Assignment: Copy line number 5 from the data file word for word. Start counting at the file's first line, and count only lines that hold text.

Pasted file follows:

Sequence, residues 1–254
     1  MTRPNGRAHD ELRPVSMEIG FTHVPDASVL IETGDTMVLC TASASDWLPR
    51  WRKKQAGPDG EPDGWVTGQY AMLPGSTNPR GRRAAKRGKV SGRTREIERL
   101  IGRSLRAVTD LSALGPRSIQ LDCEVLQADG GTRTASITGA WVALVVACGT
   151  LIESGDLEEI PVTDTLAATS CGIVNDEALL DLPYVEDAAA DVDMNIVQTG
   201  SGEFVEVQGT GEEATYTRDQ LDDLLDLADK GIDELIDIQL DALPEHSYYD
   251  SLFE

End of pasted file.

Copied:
   151  LIESGDLEEI PVTDTLAATS CGIVNDEALL DLPYVEDAAA DVDMNIVQTG